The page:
Why would a Massachusetts Institute of Technology (MIT) graduate in chemistry with a GPA of 5.0, Phi Beta Kapa, Sigma Xi turn to making funny and informative science films and videos?
"Because consulting is boring," said George Zaidan who fits the geek stereotype (by his own admission) but who couldn't envisage a traditional route after graduating from that institution.
The 28-year-old whiz who once dreamed of becoming a big time Hollywood director instead parlayed his command and love of science into showing and telling audiences on TV and on YouTube (first producing a 24-episode series called Pocket Science) what the process of science is all about.
That came in different jobs such as an initial two-year stint with "Good Eats," a Food Network show, the summer after graduating when Zaidan sent a cold letter and landed a position as a production assistant.
"It's basically a cooking show but it's really the chemistry of cooking that it teaches," he said, adding that he commuted between the Washington, D.C. area where he grew up and Atlanta where the show was produced.
Zaidan also put in time on the Disney movie "Step Up 3-D" and enjoyed both jobs where he honed his skills, learned on-set etiquette, and how to manage a shoot, beyond just how a TV show is made.
"There's a hierarchy," he explained. "You never speak out of turn. If something's wrong in another department, you don't skip three steps and tell the director. You tell the lowest person in that department and if they deem it necessary, it goes up the chain."
But the passion for imparting useful knowledge about chemistry dominated and led Zaidan, who tutored in high school and was a teaching assistant at MIT, to more science-oriented ventures.
He launched his own company, Free Energy Productions in Maryland to do non-traditional educational media, namely anything that does not involve someone standing at a blackboard.
Unconventional methods have included a reality show currently being put together for a major cable network about nerdy Boston area students that he hopes will become a series.
"Foodologist" Zaidan did a funny series of clips for The Weather Channel as co-writer and host.
"There were eight short pieces about how weather affects your food," he said. "That was the first time I thought maybe I could actually be on camera."
But auditions for the show were remote - he was in Maryland and the producer was in Atlanta.
In the last round a blizzard knocked out electricity with only 80 minutes left on the camera battery and no laptop available.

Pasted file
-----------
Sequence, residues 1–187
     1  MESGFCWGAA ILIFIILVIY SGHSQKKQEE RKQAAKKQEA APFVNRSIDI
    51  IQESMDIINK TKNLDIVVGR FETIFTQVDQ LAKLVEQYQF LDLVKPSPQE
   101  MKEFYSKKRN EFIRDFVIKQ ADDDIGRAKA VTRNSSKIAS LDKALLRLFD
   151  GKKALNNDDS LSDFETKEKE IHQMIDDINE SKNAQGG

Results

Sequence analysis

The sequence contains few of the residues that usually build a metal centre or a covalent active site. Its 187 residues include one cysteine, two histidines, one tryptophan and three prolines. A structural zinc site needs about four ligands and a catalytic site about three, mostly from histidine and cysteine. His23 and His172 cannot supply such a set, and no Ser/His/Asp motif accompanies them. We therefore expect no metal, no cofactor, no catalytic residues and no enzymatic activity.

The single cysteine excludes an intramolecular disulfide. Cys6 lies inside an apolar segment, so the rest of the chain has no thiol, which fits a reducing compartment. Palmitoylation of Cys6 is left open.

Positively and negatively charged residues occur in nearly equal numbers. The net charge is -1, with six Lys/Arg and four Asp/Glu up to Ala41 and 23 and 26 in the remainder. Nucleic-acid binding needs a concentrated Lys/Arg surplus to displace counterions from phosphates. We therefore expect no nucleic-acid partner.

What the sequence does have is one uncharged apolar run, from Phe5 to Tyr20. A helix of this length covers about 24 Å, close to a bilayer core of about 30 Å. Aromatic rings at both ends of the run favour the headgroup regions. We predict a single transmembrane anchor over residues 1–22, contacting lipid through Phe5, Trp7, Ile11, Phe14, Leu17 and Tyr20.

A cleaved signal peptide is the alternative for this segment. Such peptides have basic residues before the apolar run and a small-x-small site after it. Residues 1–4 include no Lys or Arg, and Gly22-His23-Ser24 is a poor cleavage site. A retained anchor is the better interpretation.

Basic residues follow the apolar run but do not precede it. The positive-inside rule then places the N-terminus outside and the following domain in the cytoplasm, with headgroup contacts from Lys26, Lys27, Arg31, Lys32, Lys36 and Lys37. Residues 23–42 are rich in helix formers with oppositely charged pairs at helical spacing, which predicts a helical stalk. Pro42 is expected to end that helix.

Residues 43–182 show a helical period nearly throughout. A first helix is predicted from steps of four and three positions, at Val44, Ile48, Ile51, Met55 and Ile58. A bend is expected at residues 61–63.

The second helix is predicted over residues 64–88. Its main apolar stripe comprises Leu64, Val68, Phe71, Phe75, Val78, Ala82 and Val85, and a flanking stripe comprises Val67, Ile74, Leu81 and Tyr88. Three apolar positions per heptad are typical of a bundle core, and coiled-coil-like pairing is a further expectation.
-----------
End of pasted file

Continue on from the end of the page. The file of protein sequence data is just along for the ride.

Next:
He walked two miles in knee-deep snow to a friend's house with power lugging a 40-lb editing machine to wrap up his film clip about ice wine and upload it on deadline.
From turf to surf where Zaidan worked on a series called Nautilus Live, a collaboration between six different partners (including National Geographic), and for which he was the anchor, one of the writers and an associate producer.
"We got video back from these robotic submarines that went and explored the ocean, the Black Sea and the Mediterranean," he said of the short news pieces they produced on what they had discovered as well as "behind the science" segments to explain the process.
Since his first forays into film, Zaidan has worked extensively with his alma mater on projects for different departments.
It goes back to his three summers of biochemistry research at the National Institutes of Health, two semesters of teaching organic chemistry at MIT, and his fascination with the university's open courseware initiative, in an effort to put up all class materials online for free.
But he wanted to stand out from the rigid teaching methods that made students' eyes glaze over.
"The traditional chemistry lab classes tend to suck because what you do is you follow a recipe and if the product you end up with is 90% pure or better, you get an A, or you some grade, and you don't really understand what you're doing," he said.
Undergraduate students don't design experiments, graduate students begin to get a feel for science, and by the time they're working on Ph.D.s they become practicing scientists which is a waste of time, he added.
So he started a project with Professor John Essigmann where they tried to design an online "lab experience."
Instead of a physical lab, it was a case study of a real research project where they deconstructed an academic paper and put it online to demonstrate research was non-linear, not a clear, concise story that has a beginning, middle and an end, that it weaves all over the place, that it's unpredictable, and that it's frustrating.
"We wanted to show that the people who worked on this are people, they aren't robots, that they have hopes, dreams, desires, fears," he said.
The project, which is still online, was called the " Open LabWare." Zaidan is the founder and chair of its advisory committee.
Multitasker Zaidan is an occasional blogger for the Huffington Post.